Have you ever thought why Sarawak was nicknamed the “Land of the Hornbills”?
Hornbills can grow larger than one-metre, weigh several kilogrammes and have unique, double-decked beaks and bills – but the beaks and bills aren’t for feeding. Instead, they are quirky evolutionary trait to help find them a mate, and when they do, a single male and female will spend their lives sometimes reaching several decades together.
According to the Dayaks, especially the Ibans, Rhinoceros hornbills (black-and-white plumage with a bright yellow bill) represent the spirit of God. Having a hornbill fly over a household was a sign of good fortune to come.
The birds were also believed to have mythical powers. Superstitious pagans and animists sacrificed the majestic creatures and wore their yellow-orange beak on a necklace.
Feathers from the tail were also harvested to decorate ceremonial headdresses and weapons including blowpipes and machetes.
The magnificent Rhinoceros hornbill is also the state‘s emblem.
The rare and majestic birds enjoy a fully-protected status under the Wildlife Protection Ordinance of 1998 in Sarawak, which is home to eight out of the 54 species of hornbills in the world, including the White Crested hornbill, Bushy Crested hornbill, Wrinkled hornbill, Wreathed hornbill, Black hornbill, Oriental Pied hornbill, Rhinoceros hornbill, and Helmeted hornbill, and where their habitats largely fall within national parks, nature reserves and wildlife sanctuaries: Piasau Nature Reserve (PNR), Gunong Mulu National Park, Tanjung Datu National Park and Batang Ai National Park.
PNR, previously known as Piasau Camp, situated in the middle of Miri, has been gazetted as a nature reserve on Apr 3, 2014. The existence of many totally-protected wildlife species like the Oriental Pied hornbill is said to be one of the agents of change for the conversion of the Piasau Camp into a nature reserve.
The camp, built in the 50’s, sports over 200 houses for Shell employees and has become a historical site synonymous with the oil and gas industry.
In 2006, the Oriental Pied hornbill and Wrinkled hornbill were observed by the Rapid Environment Assessment done by Shell consultants. Since then, Malaysian Nature Society (MNS) and Sarawak Forestry Corporation (SFC) have continued to monitor the nest.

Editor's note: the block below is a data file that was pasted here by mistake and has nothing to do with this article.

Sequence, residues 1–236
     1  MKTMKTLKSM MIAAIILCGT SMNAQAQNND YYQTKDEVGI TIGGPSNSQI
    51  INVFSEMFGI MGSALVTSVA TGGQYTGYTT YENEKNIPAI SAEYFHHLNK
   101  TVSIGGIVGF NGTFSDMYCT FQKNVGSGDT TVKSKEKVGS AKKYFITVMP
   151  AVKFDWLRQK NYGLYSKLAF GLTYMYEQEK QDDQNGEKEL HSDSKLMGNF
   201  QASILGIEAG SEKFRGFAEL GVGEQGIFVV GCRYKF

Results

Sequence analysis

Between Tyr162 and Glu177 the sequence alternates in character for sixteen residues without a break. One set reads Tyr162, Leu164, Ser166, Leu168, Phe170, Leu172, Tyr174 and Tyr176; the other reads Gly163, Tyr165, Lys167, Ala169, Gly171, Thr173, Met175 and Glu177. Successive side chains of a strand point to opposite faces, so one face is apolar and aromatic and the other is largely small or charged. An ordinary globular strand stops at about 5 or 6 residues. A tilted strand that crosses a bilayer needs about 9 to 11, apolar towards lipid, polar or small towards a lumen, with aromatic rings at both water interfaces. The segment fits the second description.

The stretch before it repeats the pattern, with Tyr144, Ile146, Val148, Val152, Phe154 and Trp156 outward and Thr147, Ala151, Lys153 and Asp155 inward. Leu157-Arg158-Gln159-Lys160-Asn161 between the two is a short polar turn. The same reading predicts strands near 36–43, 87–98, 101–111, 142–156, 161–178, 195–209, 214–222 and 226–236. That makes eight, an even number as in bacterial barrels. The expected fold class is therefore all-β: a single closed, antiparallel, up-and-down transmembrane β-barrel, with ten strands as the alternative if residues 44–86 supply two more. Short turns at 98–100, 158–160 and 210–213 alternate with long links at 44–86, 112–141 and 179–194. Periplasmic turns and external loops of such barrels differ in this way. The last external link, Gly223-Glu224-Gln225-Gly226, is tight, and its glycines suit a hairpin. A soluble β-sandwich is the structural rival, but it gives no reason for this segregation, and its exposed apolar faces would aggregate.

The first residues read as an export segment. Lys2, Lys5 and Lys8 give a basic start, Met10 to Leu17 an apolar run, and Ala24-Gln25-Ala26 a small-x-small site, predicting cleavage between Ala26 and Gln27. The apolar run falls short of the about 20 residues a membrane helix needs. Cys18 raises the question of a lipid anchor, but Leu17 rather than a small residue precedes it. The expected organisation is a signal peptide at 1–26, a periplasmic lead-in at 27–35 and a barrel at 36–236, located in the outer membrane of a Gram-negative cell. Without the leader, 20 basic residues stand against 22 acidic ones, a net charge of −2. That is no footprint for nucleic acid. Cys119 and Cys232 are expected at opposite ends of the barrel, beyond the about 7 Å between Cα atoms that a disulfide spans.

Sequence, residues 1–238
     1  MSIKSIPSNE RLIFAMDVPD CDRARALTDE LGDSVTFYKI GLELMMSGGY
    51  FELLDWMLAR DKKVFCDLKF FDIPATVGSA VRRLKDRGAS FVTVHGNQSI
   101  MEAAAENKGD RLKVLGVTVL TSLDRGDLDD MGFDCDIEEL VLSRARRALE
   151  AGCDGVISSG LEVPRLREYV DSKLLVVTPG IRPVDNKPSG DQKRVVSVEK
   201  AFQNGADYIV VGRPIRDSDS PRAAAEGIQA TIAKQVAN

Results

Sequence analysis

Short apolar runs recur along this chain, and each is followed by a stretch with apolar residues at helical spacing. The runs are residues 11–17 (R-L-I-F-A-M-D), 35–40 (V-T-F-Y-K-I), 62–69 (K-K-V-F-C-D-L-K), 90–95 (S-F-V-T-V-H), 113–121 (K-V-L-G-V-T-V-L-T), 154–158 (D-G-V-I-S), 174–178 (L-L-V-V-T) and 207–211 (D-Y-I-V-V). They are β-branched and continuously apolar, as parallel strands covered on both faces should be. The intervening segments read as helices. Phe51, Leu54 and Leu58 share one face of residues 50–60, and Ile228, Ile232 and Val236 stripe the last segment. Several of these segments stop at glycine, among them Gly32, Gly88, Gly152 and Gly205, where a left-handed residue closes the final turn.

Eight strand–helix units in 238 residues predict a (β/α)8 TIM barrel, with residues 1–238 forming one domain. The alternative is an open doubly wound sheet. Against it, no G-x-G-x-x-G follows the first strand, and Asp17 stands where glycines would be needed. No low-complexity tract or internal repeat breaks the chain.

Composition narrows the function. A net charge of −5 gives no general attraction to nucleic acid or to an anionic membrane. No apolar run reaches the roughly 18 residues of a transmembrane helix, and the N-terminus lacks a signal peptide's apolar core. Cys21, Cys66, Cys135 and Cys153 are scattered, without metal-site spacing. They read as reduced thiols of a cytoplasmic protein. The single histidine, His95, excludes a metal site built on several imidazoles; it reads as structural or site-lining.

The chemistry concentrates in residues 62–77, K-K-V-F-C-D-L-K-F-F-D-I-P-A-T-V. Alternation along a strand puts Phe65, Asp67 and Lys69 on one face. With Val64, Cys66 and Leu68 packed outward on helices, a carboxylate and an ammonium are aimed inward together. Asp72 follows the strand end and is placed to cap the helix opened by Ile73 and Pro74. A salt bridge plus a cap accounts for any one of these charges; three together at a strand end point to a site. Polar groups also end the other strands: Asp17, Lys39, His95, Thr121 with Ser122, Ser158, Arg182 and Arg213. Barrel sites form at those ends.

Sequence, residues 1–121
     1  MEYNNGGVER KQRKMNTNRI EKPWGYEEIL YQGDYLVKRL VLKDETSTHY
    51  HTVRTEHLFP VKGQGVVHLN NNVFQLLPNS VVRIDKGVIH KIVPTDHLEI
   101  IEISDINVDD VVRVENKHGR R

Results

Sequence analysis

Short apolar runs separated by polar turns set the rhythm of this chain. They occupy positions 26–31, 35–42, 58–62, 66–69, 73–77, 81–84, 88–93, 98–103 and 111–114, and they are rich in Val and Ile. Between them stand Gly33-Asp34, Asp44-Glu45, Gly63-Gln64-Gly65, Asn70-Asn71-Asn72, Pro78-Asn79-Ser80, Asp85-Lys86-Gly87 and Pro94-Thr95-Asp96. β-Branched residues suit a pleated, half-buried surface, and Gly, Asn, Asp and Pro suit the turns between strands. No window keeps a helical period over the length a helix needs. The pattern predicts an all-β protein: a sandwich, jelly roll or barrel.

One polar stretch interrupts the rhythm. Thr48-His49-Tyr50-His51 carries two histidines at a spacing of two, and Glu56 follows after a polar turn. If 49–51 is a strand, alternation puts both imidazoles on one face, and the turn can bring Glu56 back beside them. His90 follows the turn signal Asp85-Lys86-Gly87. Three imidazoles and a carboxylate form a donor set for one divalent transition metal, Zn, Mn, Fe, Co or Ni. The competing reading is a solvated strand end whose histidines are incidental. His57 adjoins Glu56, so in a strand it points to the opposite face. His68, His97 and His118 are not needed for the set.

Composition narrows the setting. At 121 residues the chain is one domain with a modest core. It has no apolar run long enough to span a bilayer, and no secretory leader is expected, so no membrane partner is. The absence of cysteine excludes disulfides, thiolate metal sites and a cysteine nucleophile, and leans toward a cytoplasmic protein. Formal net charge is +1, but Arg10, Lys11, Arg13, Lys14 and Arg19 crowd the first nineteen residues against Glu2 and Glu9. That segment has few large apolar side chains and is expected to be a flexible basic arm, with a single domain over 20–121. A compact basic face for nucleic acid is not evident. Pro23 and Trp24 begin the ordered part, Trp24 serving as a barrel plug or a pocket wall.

In 2015, 20 individual hornbills have been observed there and the males were named Jimmy, Anthony, Han, Ibrahim, Munyung, Robert, Kareem, Sam, Abong, Moses, Ah Kaw and Musa while the female hornbills were Faridah, Cathy, Alice, Julia, Ah Moi, Rosita, Juliet and Cecelia.
However, Faridah was killed brutally by poachers on Sept 24, 2013, and this has given rise to a public outcry condemning the killing. Faridah was notable for producing 56 offsprings since 2005.
A 20-year-old man was jailed three months and fined RM20,000 in connection with the case – penalties for killing, hunting, capturing, selling, or trading the animals, or else possessing any recognisable body parts of them can entail three years in prison and/or a fine of RM25,000.
Apart from that, the people also feared that Shell’s decision to relinquish the camp to the government in September 2013 to develop the area into a beach-side attraction with shop houses and condominiums would further endanger the hornbills. Thus, they began gazetting the camp to establish it as a conservation area for hornbills and other wildlife.
The local community, non-governmental organisations (NGOs) and political parties aggressively lobbied the state government for the area to be declared a totally protected area.
A gathering specially held in memory of Faridah saw a crowd of over 1,000 people turning up, further showcasing the people’s passion for the hornbills.
Subsequently, Piasau Camp Miri Nature Park Society (PCMNPS) was formed and registered on October 2013 with Datuk Sebastian Ting elected as the first chairman to pursue the cause at the state level.
On May 10, 2014, Head of State Tun Pehin Sri Abdul Taib Mahmud performed the PNR earth-breaking ceremony.
What with extensive habitat loss and intensifying attempts to capture them by poachers across the region, hornbills are being driven even closer to extinction.
According to SFC, habitat loss posed a severe threat to hornbills since they only used large tree cavities for nesting – for example the ensurai – one of the most valuable wood species in the state.
Conservationists estimate that some of the species might be a mere three generations away from extinction as the long-lived animals’ slow reproductive cycle exposes them to even graver dangers in the face of poaching. Take a minute to reflect on that; within a few short years some hornbill species might become extinct.
To stop that from happening, the giant birds have been granted the highest level of protection under the Convention on International Trade in Endangered Species of Wild Fauna and Flora (Cites) with no commercial trade allowed. That, however, has not stopped unscrupulous operators from hunting the birds for their casques, which can fetch exorbitant sums on the black market.